Universal Credit £20-a-week boost ‘should be made permanent’ say MPs

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The £20-a-week rise in Universal Credit brought in to help people during the virus crisis should be made permanent, an influential group of MPs has said.

The boost was introduced in April but is due to end in April 2021, despite efforts from campaigners to get the Government to extend it.

There was no mention of it in the spending review this week, although the DWP has announced it will review it, in a move some have interpreted as a sign it may be extended beyond April.

Now Stephen Timms, Labour chairman of the Commons Work and Pensions Select Committee, said the cross-party group had “agreed unanimously” that the increase should be retained.

During a Commons debate on the Department for Work and Pensions response to the pandemic, he added: “Ministers made good decisions at the start. After a decade of cuts, the £20 increase in Universal Credit and working tax credit, reconnecting local housing allowance with actual rents, were key for many to survive in the crisis.

“I’d understood that local housing allowance would be kept in line with local rents, so I was dismayed yesterday to hear it’s going to be frozen, so decoupling it once again. My committee agreed unanimously that the £20 increase should stay and many others have taken that view.”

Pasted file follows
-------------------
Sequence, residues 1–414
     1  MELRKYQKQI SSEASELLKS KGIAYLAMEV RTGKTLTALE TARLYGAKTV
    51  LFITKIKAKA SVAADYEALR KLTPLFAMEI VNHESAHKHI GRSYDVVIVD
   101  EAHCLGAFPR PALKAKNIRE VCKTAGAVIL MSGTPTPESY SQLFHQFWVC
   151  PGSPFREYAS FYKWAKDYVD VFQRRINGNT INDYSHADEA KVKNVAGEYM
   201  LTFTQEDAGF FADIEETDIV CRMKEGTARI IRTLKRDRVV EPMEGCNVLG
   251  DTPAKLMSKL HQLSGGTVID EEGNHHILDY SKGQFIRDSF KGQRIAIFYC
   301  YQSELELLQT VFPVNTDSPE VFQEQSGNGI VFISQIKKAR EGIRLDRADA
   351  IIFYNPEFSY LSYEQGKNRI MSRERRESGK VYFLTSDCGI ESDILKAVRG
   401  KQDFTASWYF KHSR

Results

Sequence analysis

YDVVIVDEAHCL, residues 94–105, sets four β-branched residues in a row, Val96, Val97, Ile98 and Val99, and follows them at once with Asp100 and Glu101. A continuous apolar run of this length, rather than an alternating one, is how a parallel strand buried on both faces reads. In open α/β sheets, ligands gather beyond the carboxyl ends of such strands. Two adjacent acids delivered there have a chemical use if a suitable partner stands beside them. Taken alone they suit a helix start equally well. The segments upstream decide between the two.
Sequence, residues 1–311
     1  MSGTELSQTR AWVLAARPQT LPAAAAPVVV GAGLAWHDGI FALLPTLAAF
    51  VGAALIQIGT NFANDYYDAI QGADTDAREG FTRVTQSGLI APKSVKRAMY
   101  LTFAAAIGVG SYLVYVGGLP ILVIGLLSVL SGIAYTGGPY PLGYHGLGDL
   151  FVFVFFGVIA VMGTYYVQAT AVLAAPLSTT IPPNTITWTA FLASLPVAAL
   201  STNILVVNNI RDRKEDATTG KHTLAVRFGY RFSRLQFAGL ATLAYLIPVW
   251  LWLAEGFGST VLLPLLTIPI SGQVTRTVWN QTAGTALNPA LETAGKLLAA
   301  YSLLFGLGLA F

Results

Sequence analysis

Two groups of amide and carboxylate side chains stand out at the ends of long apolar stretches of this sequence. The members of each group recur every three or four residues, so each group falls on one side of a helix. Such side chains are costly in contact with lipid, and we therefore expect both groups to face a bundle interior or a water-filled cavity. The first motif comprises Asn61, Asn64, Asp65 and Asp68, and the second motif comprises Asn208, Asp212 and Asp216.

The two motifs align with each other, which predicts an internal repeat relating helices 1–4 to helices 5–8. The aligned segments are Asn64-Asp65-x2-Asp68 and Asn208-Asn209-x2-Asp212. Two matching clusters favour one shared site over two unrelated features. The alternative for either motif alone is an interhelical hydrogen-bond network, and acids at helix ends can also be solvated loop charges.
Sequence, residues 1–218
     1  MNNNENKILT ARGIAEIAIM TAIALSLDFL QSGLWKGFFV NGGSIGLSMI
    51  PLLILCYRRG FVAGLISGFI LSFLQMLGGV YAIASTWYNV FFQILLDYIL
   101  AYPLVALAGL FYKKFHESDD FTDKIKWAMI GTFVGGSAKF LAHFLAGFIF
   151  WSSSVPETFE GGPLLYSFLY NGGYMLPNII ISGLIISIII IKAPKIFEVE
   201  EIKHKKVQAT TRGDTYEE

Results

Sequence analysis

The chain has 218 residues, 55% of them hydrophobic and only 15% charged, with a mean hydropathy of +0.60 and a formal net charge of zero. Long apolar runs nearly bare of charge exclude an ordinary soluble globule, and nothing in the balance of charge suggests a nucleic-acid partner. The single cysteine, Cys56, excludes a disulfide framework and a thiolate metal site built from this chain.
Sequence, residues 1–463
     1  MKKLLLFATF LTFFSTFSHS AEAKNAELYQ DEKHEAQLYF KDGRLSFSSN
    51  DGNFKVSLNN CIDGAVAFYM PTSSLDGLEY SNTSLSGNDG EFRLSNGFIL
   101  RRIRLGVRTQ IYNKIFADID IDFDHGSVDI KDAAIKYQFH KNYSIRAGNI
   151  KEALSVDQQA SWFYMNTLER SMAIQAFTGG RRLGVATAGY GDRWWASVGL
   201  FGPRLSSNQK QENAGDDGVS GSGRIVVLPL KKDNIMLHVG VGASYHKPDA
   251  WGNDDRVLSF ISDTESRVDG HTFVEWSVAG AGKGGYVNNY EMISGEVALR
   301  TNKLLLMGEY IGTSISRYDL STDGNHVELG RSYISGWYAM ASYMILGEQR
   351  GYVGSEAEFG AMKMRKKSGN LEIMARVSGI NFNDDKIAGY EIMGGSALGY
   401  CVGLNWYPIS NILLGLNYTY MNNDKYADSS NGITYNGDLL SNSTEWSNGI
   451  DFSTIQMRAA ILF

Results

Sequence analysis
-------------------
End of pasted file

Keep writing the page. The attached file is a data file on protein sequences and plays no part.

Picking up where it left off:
Labour MP Rachel Hopkins (Luton South) said people’s financial struggles are not going to go away in the spring.

She added: “We also must go further, the Government must make the benefit uplift permanent as the economic impact of the pandemic is going to continue for the foreseeable future.”

Work and pensions minister Will Quince said the £20 boost was part of “a raft of temporary measures” which are set to end in April.

He added: “With the uplift confirmed until the end of March 2021, the Chancellor of the Exchequer (Rishi Sunak) set out yesterday why it is right that we wait for more clarity on the national economic and social picture before he decides on the best way to support low-income families from April.

“But what I would stress to the House is that discussions are very much ongoing with the Treasury.”

Speaking earlier, Thérèse Coffey, the Secretary of State for Work and Pensions, provided a statement on social security benefits and pension up-ratings for 2021/22.

She spoke of the £20 uplift for Universal Credit – as well as confirming how state pensions and other benefits would be increased.

She said: “The statutory annual review is separate from the temporary £20 per week uplift to Universal Credit and Working Tax Credit, which was announced by the Chancellor as a temporary measure in March 2020, and enacted for one year under different legislation to support those facing the most financial disruption as a result of the public health emergency.

“As the Government has done throughout this crisis, it will continue to assess how best to support low-income families, which is why we will look at the economic and health context in the new year.”



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